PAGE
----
Blackfin tuna

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Blackfin tuna
Blackfin tuna, Duane Raver Jr.jpg
Scientific classification e
Kingdom: Animalia
Phylum: Chordata
Class: Actinopterygii
Order: Scombriformes
Family: Scombridae
Tribe: Thunnini
Genus: Thunnus
Subgenus: Neothunnus
Species: T. atlanticus
Binomial name
Thunnus atlanticus
(Lesson, 1831)
Synonyms[2]
  • Thynnus atlanticus Lesson, 1831
  • Parathunnus atlanticus (Lesson, 1831)
  • Scomber coretta Cuvier, 1829
  • Thunnus coretta (Cuvier, 1829)
  • Thynnus coretta (Cuvier, 1829)
  • Thynnus balteatus Cuvier, 1832
  • Orcynus balteatus (Cuvier, 1832)
  • Thunnus balteatus (Cuvier, 1832)
  • Parathunnus rosengarteni Fowler, 1934
  • Parathunnus ambiguus Mowbray, 1935

The blackfin tuna (Thunnus atlanticus) is the smallest tuna species in the genus Thunnus, generally growing to a maximum of 100 cm (39 in) in length and weighing 21 kg (46 lb).

Blackfin tuna have oval-shaped bodies, black backs with a slight yellow on the finlets, and yellow on the sides of their bodies. They are found in the western Atlantic from Martha's Vineyard, Massachusetts, to Brazil, including the Caribbean Sea and Gulf of Mexico.[2]

Blackfin tuna hunt both epipelagic (surface) and mesopelagic (deeper water) fish and squid. They also eat crustaceans such as shrimp, crabs, amphipods, stomatopods, and the larvae of decapods.[2] They are a short-lived, fast-growing species; a 5-yr-old fish would be considered old. They reach sexual maturity at the age of 2 years, and spawn in the open sea during the summer. Blackfin tuna are a warmer-water fish, preferring water temperatures over 20 °C (68 °F).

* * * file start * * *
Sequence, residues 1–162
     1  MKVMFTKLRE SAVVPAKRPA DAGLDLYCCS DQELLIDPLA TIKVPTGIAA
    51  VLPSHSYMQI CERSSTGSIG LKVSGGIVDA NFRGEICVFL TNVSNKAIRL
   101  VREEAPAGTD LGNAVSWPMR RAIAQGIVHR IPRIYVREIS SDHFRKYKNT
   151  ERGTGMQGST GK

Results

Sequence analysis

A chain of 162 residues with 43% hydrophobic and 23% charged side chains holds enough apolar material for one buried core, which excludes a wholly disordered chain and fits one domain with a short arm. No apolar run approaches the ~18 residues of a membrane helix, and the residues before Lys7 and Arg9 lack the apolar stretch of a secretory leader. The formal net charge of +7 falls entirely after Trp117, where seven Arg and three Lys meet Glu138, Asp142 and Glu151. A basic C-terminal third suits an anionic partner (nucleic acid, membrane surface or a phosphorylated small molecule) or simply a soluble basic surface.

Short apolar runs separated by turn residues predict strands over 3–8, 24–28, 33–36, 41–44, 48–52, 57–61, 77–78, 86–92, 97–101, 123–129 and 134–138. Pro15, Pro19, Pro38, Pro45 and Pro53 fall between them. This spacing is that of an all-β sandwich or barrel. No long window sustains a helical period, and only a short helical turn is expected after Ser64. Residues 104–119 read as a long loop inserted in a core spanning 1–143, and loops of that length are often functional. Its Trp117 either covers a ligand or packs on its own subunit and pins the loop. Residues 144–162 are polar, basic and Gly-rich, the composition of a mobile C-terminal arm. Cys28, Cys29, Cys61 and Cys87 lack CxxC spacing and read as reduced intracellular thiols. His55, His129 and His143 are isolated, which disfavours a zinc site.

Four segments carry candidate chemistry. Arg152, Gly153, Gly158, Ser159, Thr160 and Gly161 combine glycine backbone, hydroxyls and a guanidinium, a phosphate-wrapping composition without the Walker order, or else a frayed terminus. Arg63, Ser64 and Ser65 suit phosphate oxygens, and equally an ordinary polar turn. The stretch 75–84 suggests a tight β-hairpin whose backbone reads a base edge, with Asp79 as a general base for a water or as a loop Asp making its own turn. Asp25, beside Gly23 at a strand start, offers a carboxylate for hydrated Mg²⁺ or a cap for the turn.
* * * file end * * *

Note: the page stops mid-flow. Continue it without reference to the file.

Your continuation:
Sustainable consumption[edit]

In 2010, Greenpeace International did not add the blackfin tuna, unlike other tuna species, to its seafood red list. [3]

References[edit]

  1. ^ Collette, B.; Amorim, A.F.; Boustany, A.; et al. (2011). "Thunnus atlanticus". The IUCN Red List of Threatened Species. IUCN. 2011: e.T155276A4764002. doi:10.2305/IUCN.UK.2011-2.RLTS.T155276A4764002.en. Retrieved 26 December 2017. 
  2. ^ a b c Froese, Rainer and Pauly, Daniel, eds. (2018). "Thunnus atlanticus" in FishBase. February 2018 version.
  3. ^ Greenpeace International Seafood Red list Archived February 5, 2010, at the Wayback Machine.

External links[edit]